Wildlife and Game Officer: Salary, Job Duties and Career Outlook

Wildlife and game officers require some formal education. Learn about the salary and career outlook information and job duties to see if this is the right career for you.

Wildlife and game officers work to protect the habitat they are assigned by enforcing hunting and fishing regulations. They usually work for either the state, federal or local government. Jobs are expected to grow slower than average for this career.

Essential Information

A wildlife or game officer, often called a game warden, enforces hunting and fishing laws on a local, state or federal level. Game officers are also charged with patrolling their specified habitat to make sure that violations of those statutes aren't occurring. Read on to learn more about this specialized law enforcement position.

Required Education Federal positions require an undergraduate degree; high school diploma and potentially some college training for state jobs
Projected Job Growth 2% from 2014-2024*
Median Annual Salary (May 2015) $52,780*

Sources: *United States Bureau of Labor Statistics

Salary Information

Game officers are typically employed by state, local or federal agencies, and salaries may differ depending on the agency and the officer's experience. In May 2015, the U.S. Bureau of Labor Statistics (BLS) reported a median salary of $52,780 for fish and game wardens.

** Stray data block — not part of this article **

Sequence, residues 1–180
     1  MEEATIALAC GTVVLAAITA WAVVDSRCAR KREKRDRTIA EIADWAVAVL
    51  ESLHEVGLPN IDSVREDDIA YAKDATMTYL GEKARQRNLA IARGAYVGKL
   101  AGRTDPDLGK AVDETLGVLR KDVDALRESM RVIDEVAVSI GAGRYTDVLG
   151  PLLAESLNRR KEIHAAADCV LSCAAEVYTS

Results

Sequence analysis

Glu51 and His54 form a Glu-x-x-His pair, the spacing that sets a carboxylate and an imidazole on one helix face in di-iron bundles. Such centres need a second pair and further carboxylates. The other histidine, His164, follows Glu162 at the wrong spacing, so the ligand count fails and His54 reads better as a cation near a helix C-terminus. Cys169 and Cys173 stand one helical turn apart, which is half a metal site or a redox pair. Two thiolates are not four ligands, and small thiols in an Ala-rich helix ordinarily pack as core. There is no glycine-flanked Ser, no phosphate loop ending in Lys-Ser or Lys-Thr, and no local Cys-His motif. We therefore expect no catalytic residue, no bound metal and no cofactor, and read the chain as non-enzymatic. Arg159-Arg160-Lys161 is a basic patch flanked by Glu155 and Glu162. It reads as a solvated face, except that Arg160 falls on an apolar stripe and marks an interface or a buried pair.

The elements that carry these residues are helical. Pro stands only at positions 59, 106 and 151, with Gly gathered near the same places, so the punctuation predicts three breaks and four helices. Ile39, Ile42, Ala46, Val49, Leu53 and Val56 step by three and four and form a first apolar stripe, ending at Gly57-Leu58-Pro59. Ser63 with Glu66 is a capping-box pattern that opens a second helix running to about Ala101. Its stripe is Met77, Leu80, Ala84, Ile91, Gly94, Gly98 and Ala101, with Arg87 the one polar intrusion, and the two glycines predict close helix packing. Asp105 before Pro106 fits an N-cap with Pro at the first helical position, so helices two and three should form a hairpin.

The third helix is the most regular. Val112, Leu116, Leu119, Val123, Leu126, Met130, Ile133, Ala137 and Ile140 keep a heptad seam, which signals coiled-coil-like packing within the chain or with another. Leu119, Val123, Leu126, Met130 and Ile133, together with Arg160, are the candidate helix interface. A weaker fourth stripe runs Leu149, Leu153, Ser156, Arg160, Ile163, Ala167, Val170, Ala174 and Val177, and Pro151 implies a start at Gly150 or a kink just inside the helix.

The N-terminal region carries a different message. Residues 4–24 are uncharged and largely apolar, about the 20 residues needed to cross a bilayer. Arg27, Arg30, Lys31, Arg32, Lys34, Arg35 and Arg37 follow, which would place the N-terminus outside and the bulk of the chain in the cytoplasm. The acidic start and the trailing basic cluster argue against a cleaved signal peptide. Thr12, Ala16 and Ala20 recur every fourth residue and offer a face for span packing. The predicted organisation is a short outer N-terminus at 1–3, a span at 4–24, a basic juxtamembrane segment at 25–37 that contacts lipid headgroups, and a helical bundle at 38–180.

The BLS also indicated mean salaries for fish and game wardens by state, and the report indicated Illinois had the highest average salary at $88,270. New Jersey's mean was $82,800 and Maryland's was $74,620. These three states had the highest paying positions in the country.

Since game officers are typically employed outside of developed urban areas, the higher paying jobs are usually found outside of large cities. The top paying metropolitan areas were the Baltimore metropolitan area (encompassing Towson) at $72,800; Houston, with a mean salary of $66,970; and Austin, at $62,920.

Job Duties

The primary duty of a wildlife or game officer is to protect her or his assigned habitat or wildlife preserve. That includes enforcement of hunting and fishing regulations and enforcement of permit regulations. Other job duties include enforcing restrictions regarding public use of protected lands and the properties found on those lands. Wildlife and game officers must also patrol many of the off-limits areas of their specified preserve. They have the power to arrest and aid in the criminal prosecution of anyone found violating the regulations.

Career Outlook

According to the BLS, job growth for fish and game wardens was expected to be minimal, at 2% from 2014-2024. It was predicted that any growth that occurred could be affected on the federal level by potential budget cuts to the national park system.

Game wardens usually need an undergraduate degree for federal positions. For state positions, some college coursework following completion of high school may be preferred. These positions have a median salary around $53,000, though earnings can vary by state and region.

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